A few weeks ago, we wrote a blog on reducing CO2 emissions in oil and gas operations. Based on the initial commitments coming out of the COP-26 conference in Scotland (Glasgow), it appears reducing methane emissions, is even more important than reducing CO2, so we thought we should revisit our blog theme and expand the topic.
With Halloween upon us and daylight savings not too far away, we thought we’d take a look at the darker side of our business and ask the question:
"What haunts Production Managers?"
There is huge pressure on our industry to reduce CO2 and greenhouse gas emissions. And, if we all went back to riding a bike or a horse to work, we could reduce emissions, but let’s face it that’s not happening anytime soon. The lure of those air-conditioned Ford F-150 seats are much more appealing on a hot 100°F+ summers day!
There are many high investment, long lead solutions to assist with reducing emissions or being carbon neutral, such as carbon sequestration, reducing gas flaring, identification, and remedy of methane leaks, or investing in renewable projects. But, none of these are immediate changes that provide a benefit now.
In this blog we’ll look at a few practical measures, that any operator can take, to have an immediate impact on how you manage your wells day to day and reduce emissions.
“A few weeks ago we reposted an article by Scott Wilson on “Why We Matter”, continuing the theme I’d like to repost another excellent SPE article on “The Future Need for Petroleum Engineering”. This article presents an optimistic future, that can help us continue to hire great talent into our industry.
One of the questions we frequently get from graduates during hiring is “Isn’t your industry dead”, or worse the death blow statement “I thought you made software, I didn’t realise you’re oil and gas, I’m not interested!”.
You know the scene, an ESP failed overnight, the production dance is going on. You need to get the well back online asap…..
What information should you give your vendor(s) to perform the design and what information has the most impact on design? This article will show why it is important to use a high reservoir pressure if you want to guarantee your desired production….
When worldwide oil and gas consumption reached record levels yet again in 2017, SPE members were there when it counted, helping to generate more light and power for billions of people across the world.
Do you want your ESPs to be the Tom Brady of quarterbacks? Whether you’re a fan or not, Tom’s track record is impressive, especially his most recent Superbowl win. To be so successful has required intelligence, hours of (proper)practice, the right mindset, change and dedication to being a superstar. He has done things differently from other quarterbacks. Success with ESPs is the same and requires things to be done differently.
Getting ESPs (or any artificial lift method) to produce at lower cost/bbl requires trained staff, appropriate systems, good processes and attention to detail.
In a previous blog we identified some best practices related to gaslift, we thought we’d do the same for ESPs. Our best practices are based on our “True Production Optimization” process. If you’d like to know our top twenty best practices to solve your ESP problems….read on …..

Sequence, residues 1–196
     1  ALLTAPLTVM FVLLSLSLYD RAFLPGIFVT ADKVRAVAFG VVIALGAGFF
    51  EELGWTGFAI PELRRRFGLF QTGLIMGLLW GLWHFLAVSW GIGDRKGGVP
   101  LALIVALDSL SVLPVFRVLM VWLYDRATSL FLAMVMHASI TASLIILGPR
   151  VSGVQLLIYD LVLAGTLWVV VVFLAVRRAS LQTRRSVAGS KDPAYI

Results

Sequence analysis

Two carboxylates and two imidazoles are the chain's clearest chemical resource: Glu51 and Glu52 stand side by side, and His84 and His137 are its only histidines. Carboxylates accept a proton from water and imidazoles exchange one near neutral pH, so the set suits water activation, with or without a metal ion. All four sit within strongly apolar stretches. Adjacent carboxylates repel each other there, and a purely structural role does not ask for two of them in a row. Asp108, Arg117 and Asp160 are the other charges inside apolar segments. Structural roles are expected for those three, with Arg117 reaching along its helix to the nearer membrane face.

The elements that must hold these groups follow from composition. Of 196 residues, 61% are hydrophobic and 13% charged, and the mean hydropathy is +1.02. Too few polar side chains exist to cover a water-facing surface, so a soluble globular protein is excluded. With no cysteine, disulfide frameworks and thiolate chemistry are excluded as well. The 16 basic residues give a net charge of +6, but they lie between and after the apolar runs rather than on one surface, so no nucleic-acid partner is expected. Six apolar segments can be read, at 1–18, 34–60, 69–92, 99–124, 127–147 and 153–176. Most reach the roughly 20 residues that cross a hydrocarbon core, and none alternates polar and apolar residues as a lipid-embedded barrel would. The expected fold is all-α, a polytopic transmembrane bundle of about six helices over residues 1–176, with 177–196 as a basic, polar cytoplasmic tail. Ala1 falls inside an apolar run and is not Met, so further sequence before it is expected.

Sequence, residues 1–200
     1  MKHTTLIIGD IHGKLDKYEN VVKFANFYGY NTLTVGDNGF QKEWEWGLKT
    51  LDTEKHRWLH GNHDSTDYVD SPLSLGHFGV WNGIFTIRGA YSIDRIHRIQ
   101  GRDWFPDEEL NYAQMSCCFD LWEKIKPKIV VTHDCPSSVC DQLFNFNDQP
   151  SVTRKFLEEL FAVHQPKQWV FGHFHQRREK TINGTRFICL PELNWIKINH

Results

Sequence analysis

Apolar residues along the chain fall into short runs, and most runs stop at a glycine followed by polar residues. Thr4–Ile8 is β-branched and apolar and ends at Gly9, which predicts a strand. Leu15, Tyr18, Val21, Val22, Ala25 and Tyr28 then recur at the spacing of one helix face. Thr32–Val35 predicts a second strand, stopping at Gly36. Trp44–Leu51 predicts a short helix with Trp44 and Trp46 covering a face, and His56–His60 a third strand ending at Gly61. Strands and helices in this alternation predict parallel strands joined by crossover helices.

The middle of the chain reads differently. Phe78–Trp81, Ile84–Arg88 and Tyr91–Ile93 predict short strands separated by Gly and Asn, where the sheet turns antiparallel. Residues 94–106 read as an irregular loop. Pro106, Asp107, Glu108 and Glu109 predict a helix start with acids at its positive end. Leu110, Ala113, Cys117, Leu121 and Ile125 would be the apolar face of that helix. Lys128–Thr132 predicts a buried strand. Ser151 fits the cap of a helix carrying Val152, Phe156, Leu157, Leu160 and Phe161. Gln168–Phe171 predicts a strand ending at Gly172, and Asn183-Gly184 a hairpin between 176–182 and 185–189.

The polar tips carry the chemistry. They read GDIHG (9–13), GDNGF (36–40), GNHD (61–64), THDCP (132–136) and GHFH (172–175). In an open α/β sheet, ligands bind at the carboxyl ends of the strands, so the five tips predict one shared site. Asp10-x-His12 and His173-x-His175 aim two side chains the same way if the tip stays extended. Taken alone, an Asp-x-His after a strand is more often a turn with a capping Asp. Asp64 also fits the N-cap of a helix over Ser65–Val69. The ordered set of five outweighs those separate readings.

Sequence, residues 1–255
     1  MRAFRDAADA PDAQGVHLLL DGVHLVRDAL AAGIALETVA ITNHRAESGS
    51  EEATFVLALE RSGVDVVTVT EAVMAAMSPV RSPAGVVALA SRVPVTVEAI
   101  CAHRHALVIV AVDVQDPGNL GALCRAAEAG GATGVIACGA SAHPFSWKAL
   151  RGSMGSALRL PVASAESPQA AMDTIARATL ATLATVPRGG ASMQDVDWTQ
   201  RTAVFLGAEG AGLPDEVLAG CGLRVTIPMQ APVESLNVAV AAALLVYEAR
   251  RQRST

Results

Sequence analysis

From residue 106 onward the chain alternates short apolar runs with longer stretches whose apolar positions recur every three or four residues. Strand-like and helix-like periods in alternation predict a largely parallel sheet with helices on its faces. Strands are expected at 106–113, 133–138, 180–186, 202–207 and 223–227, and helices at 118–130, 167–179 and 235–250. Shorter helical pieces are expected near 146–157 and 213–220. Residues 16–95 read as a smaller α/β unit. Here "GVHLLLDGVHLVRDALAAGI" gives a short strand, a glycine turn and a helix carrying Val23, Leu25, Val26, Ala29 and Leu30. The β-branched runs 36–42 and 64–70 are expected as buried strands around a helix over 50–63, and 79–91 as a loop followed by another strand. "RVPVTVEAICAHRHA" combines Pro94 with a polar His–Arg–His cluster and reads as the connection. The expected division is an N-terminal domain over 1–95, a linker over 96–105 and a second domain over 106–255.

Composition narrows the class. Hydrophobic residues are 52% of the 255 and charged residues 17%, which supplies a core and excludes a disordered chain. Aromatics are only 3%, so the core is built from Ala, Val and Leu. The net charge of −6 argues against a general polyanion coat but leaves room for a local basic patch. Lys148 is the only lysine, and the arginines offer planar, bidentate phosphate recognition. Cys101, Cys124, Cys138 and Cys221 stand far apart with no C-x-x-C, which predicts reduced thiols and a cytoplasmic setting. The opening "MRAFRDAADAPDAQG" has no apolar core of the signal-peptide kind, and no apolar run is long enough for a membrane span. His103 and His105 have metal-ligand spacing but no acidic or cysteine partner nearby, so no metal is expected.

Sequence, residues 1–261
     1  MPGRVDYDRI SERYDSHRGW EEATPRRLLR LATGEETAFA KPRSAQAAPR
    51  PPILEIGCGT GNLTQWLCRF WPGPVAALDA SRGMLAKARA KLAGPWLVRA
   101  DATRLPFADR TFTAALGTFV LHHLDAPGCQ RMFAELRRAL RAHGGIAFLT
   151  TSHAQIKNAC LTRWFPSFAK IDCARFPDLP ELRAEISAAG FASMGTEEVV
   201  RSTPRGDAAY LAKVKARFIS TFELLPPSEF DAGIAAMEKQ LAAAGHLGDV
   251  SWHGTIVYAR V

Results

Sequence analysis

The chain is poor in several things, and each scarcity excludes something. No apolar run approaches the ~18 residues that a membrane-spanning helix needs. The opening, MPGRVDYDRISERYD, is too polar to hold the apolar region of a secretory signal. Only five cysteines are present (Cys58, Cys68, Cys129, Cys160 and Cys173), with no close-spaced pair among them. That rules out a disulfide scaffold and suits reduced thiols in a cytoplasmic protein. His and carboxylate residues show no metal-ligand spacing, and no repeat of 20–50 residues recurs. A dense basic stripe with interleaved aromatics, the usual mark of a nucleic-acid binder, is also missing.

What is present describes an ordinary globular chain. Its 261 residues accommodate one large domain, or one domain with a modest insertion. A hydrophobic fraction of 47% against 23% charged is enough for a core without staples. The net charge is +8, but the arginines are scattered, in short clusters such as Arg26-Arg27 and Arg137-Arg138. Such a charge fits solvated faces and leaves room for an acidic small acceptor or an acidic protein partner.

One of the nice things about gaslift, is that events that cause lost production, can sometimes be resolved by performing troubleshooting at surface. I like to quote JPT Emerging Technology Senior Editor, Stephen Rassenfoss:
“When a gas lift system starts performing poorly, there is a good chance no one will notice. It is not an event that demands attention like a broken pump. A gas lift system will continue injecting gas into wells and oil will continue to come out. Just not as much oil as there could be.....”
If you happen to notice that your well is producing less fluid, there are things you can do to troubleshoot the issue. This article will focus on Troubleshooting Gas Lift Wells.
With 50 years experience, Tom Nations is an expert in Gas-Lift and NODAL Analysis. In our latest guest article, Tom breaks down the process of trouble-shooting surface problems on a Gas-lifted well. He explains how carrying out the correct checks and diagnosing these issues early can avoid the added expense of having to perform a costly workover.
Are you and your team struggling to improve productivity, automate artificial lift optimization, reduce risk from predictive failure/proactive interventions, lower OPEX and increase operating cashflow all while producing more oil through existing assets? There is a solution with proven results.
This blog was inspired by a posting by Jim Hall (retired Shell Gaslift SME) on LinkedInin 2020 where he shared his tally book-sized gas lift best practices. We’ve taken his ideas and given them a little bit of an update for modern technology and tools. We hope you find this useful.
Gas lift is an appropriate and effective lift method for many well types, especially gassy wells. Robust and reliable, gas lift wells continue to produce — even when operating inefficiently. However, this also creates a huge opportunity— if we can diagnose when a gas lift well is being operated sub-optimally then it gives us an opportunity to recover a missing wedge of production. You do not have to let lower production be the norm — using these best practices you can improve the management of your gas lift wells and data to maximize your well production.